11 Stunning Things to Do in the Italian Riviera (Plus Where to Stay)

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The Italian Riviera is one of the most beautiful parts of Italy. The dramatic coastline is home to colourful seaside towns, excellent hikes with panoramic sea views, and delicious regional cuisine.

It’s most known for the glitzy harbour at Portofino and the pretty cliffside villages of the Cinque Terre, but there are many quieter coastal towns to explore as well. 

In this post, I share the best things to do in the Italian Riviera plus where to stay and useful tips on exploring the area.

At the end you’ll find an Italian Riviera map with all the best places to visit. 


Where is the Italian Riviera? 

The Italian Riviera is in the northwest of Italy. It runs from the French border all the way along the Ligurian coast to the Tuscan border.

This Italian Riviera travel guide focuses on the most popular side of the Riviera, the Riviera di Levante (“the coast of the rising sun”), from Genoa (Genova) to La Spezia in Liguria.

I also recommend you check out the less-visited Riviera di Ponente (“the coast of the setting sun”), which is further north—see our Finale Ligure guide for details.

The Italian Riviera is easily reached by train. The nearest major city is Genoa and it’s only a few hours from Turin, Milan, and Pisa (in Tuscany).

While you could do an Italian Riviera road trip, which would allow you to explore less-visited inland villages, having a car is more hassle than it’s worth on the coast. Portofino and Cinque Terre have restricted access by car and parking is limited.

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Where to Stay in Italian Riviera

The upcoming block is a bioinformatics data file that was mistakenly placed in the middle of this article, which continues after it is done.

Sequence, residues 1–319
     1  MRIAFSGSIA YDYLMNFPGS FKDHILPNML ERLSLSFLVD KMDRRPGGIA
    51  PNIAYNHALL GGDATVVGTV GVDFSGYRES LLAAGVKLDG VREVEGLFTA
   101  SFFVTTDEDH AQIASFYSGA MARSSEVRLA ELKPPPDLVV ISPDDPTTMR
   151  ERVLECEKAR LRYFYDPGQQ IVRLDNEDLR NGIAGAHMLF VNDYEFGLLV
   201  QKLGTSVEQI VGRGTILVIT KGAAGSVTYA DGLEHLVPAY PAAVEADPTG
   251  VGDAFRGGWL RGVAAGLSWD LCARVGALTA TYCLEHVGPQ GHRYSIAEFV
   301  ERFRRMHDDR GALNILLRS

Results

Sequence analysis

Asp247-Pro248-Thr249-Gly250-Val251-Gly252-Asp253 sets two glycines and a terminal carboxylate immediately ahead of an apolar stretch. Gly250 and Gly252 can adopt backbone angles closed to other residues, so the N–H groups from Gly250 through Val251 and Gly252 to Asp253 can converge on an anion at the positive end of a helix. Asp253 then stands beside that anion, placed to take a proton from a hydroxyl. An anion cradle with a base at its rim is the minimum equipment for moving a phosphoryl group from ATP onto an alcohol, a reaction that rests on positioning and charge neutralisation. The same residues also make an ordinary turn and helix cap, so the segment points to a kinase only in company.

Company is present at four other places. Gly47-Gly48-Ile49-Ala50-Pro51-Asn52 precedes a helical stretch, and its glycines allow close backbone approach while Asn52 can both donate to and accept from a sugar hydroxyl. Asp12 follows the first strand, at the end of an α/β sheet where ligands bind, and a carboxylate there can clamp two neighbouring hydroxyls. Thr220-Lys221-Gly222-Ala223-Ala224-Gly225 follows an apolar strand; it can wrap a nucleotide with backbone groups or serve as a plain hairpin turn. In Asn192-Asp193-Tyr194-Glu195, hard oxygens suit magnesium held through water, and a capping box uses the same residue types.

Rapallo, Italy promenade
The coastal town of Rapallo is the best place to stay on the Italian Riviera

We spent a week visiting various towns along the coast, and on a previous trip we stayed in Cinque Terre, and it only confirmed that Rapallo is the best base to explore the Italian Riviera.

It’s roughly half way between Genoa and Cinque Terre and all the coast’s highlights are no more than an hour away.

Rapallo has colourful buildings and a lovely seafront promenade, but it feels less touristy than many of the popular places to stay.

Portofino is busy and very expensive and the Cinque Terre villages are so tiny they get rammed with visitors (and it’s also pricey), and even Santa Margherita Ligure, which would be a good place to stay, attracts tour buses.

Rapallo feels like a real Italian town with locals shopping at the produce market and fresh pasta shops or strolling down the narrow backstreets on their evening passeggiata.

It’s also cheaper than the rest of the coast with many affordable apartments to rent. We stayed in this cosy one bedroom apartment which has the perfect location right in the centre, one minute from both the sea and train station.

If you’d prefer a hotel, Excelsior Palace Hotel and Hotel Vesuvio both have prime spots in Rapallo with sea views.

Read our Rapallo travel guide for more details on the town including where to eat.


I would also consider staying in the fishing village of Camogli. It’s such a pretty place that doesn’t get too crowded and there are hiking trails nearby.

The downsides are less choice of accommodation and restaurants and the transport links aren’t quite as good as in Rapallo.

For our next trip, I’m very tempted by the incredible sea views at Sublimis in Camogli, a boutique adults-only hotel.

Santa Margherita Ligure

Although Santa Margherita Ligure is busier than Rapallo, it’s still a great base for the Italian Riviera and is closer to Portofino if that’s a priority.

Our friends at Bridges and Balloons stayed at Hotel Blue di Te and loved the stylish design and huge shared lounge.

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Best Things to Do in Italian Riviera

1) Travel by Train

Camogli beach, Italy
The cute fishing village Camogli is less than 10 minutes from Rapallo on the train

The Italian Riviera is very accessible as trains stop at most towns along the coast (unlike the Amalfi Coast where you have to take slow nausea-inducing buses).

From Rapallo, it is a three-minute train ride to Santa Margherita Ligure, eight minutes to Camogli, 40 minutes to Monterosso al Mare (the first Cinque Terre village), and an hour to Genoa. And you can enjoy sea views along the way.

You can check train times and prices (which are low) on TrenItalia. For regional trains, you don’t need to book in advance—you can buy at the station machines or counter.

Just remember to validate your ticket in the machines on the platform before you board the train.

2) Try Ligurian Cuisine

Trofie al pesto at Gnabbri, Finale Ligure